Honestly, it’s taken me a while to sit down and write this post because I’ve been thinking about how I want to share my experiences, and it’s taken me some time to integrate my feelings and experiences.
The first week or so I experienced a lot of mixed emotions and culture shock. I’m in Reggio Emilia, Italy, so it’s a very small town that only has a few restaurants (that I know about/ really love to eat at), all the food in the grocery store is different (duh), so I didn’t know what to make at first. A lot of businesses and restaurants close around lunch time, so many people aren’t out at that time, but much later in the night. Italians don’t say “excuse me” or “sorry” when they bump into you on the street, because they just have different gestures than Americans.
I was aware that Italians have different social cues and customs, but it really hit me by surprise how difficult it was for me to adjust. I’ve always thought of myself as a worldly and open-minded-to-different-cultures kind of person.
There were so many changes at once- the things I just discussed like my eating habits, living in a small town (even though Bellingham is small, it was still a shock for me), learning different cultural differences and LANGUAGE. I couldn’t communicate with people in stores fully, and I definitely got by and made it happen, but it’s easy to take that ability for granted.
Another huge culture shock was living with other American students who I had never met before. My Bellingham/Seattle familiarity bubble was popped, that’s for sure. I was lucky enough to have a roommate who was a friend of a friend, and I ended up knowing someone from high school who I didn’t know was on the trip, and easily bonded with a couple other people.
I do wish that I was in a bigger city and should have done more research about where I was going before I went. But, I really just didn’t know. A bigger city seems more appealing just because there aren’t many social opportunities to meet other Italians or many activities to do here. There aren’t many cafes or bars that I feel like I can just stroll to and grab a drink and read a book or have a conversation with a friend, (although there are a few favorites little places that I love to go to, it’s just a totally different vibe than a bigger city).
WITH ALL THAT SAID-
There have been so many positives of living in Reggio Emilia. It’s a beautiful place. All the buildings are colorful and Italian. The coffee shops are so chill and have really good coffee. And because it is a small city, I cook most of my meals at home and have saved so much money because of that. With saving money I’ve been able to travel to SO MANY PLACES, and have more trips planned.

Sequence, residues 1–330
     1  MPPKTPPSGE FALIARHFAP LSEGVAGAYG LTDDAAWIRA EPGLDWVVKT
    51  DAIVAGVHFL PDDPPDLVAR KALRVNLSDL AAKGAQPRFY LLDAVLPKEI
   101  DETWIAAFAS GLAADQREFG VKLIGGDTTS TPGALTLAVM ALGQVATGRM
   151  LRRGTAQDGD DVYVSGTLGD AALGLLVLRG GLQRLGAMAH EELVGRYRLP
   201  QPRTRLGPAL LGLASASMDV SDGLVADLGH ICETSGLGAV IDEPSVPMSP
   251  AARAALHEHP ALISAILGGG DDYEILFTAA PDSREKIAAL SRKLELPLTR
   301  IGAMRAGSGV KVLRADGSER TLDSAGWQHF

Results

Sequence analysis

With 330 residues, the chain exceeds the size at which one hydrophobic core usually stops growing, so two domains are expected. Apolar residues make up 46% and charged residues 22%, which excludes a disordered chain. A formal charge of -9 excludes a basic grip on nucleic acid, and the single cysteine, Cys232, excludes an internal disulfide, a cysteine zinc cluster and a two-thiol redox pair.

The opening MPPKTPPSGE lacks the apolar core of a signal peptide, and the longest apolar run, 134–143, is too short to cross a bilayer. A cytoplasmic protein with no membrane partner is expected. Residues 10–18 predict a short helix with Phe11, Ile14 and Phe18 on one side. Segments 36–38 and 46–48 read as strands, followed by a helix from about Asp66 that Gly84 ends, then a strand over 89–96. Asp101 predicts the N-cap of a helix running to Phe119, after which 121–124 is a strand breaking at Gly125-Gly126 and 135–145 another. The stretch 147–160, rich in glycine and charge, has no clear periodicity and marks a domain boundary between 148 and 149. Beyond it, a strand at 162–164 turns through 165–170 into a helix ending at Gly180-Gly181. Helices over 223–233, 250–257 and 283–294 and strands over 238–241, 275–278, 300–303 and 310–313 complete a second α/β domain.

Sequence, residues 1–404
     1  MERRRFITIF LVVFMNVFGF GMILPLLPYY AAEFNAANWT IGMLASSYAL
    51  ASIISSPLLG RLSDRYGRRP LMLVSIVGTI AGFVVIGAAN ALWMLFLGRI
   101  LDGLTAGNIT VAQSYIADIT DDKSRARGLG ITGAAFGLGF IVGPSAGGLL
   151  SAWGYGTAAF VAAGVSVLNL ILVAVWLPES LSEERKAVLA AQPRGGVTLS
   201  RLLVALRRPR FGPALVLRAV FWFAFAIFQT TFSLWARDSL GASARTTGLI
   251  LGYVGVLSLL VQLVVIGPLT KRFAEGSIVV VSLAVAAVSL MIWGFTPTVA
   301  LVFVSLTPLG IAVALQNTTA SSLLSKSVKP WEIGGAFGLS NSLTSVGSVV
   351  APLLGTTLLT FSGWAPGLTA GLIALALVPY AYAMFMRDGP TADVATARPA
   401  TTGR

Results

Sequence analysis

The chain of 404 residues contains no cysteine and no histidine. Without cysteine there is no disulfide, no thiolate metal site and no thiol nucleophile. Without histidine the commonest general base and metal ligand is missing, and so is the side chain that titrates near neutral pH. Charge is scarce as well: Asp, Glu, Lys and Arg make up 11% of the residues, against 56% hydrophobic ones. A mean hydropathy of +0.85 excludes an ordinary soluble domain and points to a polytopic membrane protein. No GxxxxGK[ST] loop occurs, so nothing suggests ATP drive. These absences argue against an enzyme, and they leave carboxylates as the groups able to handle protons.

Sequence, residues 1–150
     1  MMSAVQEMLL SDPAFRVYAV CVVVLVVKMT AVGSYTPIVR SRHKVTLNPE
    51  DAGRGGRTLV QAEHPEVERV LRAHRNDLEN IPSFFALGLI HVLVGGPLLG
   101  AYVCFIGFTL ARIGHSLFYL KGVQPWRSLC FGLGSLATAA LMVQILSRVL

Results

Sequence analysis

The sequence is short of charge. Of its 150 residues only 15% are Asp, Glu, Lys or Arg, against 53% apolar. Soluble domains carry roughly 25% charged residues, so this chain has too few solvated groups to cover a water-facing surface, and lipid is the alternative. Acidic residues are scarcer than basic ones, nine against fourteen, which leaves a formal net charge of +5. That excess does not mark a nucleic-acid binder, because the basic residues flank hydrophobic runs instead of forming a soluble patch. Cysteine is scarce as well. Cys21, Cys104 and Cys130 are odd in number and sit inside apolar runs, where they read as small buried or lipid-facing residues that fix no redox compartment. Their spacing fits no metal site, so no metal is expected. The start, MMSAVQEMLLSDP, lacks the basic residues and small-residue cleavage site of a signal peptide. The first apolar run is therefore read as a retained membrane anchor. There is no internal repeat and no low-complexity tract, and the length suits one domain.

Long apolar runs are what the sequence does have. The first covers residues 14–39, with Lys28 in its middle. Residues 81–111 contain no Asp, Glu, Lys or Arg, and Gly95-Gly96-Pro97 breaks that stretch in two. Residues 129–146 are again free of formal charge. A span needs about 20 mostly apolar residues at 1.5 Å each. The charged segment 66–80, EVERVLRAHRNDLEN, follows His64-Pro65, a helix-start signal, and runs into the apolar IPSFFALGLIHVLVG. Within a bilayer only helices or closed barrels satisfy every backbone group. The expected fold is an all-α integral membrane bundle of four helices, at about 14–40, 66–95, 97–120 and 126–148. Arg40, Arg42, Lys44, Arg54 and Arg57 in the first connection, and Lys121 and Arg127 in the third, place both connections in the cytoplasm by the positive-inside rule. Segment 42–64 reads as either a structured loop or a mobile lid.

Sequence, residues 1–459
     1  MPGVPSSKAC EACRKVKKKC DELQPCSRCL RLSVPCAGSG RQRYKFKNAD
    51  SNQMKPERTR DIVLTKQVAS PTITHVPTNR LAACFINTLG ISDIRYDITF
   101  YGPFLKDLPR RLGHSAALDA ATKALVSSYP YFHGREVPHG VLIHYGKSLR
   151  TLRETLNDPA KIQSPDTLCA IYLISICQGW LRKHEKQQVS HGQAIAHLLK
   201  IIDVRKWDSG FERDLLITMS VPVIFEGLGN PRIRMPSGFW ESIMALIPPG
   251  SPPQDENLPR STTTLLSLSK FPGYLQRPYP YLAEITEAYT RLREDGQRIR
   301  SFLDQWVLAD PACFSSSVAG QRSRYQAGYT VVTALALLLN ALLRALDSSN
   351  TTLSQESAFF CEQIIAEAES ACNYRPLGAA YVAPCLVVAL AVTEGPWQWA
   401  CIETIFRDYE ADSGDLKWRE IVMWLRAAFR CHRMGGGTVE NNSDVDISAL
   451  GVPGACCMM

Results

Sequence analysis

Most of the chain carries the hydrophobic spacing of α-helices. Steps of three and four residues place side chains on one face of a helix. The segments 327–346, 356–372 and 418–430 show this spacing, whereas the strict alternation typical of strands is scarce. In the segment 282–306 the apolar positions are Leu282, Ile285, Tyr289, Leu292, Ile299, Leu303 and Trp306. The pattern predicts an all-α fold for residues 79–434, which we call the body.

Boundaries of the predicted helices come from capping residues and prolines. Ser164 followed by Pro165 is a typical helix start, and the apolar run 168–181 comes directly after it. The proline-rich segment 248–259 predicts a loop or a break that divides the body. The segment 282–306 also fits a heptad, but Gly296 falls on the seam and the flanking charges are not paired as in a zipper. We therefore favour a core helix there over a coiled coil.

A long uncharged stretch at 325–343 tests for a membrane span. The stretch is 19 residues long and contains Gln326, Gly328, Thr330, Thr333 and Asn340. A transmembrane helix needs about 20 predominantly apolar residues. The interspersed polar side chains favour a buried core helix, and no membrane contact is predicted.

So far I’ve been to-
-Prague, Czech Republic
-Munich, Germany (for a couple hours at Oktoberfest)
[Side note: I traveled to these places through Bus2Alps, which sets up weekend trips for study abroad students in Europe, and it’s an amazing opportunity!]
– Amsterdam, Netherlands (I now understand why so many people are in love with this place)
Cities in Italy:
And am planning trips to:
-Morocco, Africa (Through Bus2alps, again)
So, honestly, I really have no complaints. Just some adjustments to my new surroundings. I feel so lucky to be able to experience all these places. I’ve had nothing but a blast (and slight sleep depravation with squeezing two flights and fun into one weekend) with traveling to all these places.
And it’s honestly so nice to be able to come home to Reggio Emilia and take life nice and easy, rest and go to my classes and live the relaxed Italy life.
Some programs that I’ve been involved in are:
-Babysitting/ helping teach a young girl english (and by babysit, I mean play games while the grandparents are home) once a week, which has been so nice to a little income. The family I babysit for is so sweet and caring, and it’s been great to be able to get to know an Italian family as well.
-I’ve been doing an internship through USAC working in a high school in Reggio Emilia, being a teachers assistant in English classes. It’s been interesting to learn about Italian schools and compare them to American schools. I get to share my experiences in America with them and it’s fun to build relationships with the students.
The USAC staff and so kind and helpful and try their best to give us the best experience and extra opportunities.
Overall, it’s been a great learning experience. Being away from my everyday things and people I’ve learned so much about myself, other people, other countries and life. I’ve definitely grown as a person and have had so many good times and met some people who I know will be my friends for life. I wouldn’t take it back for the world.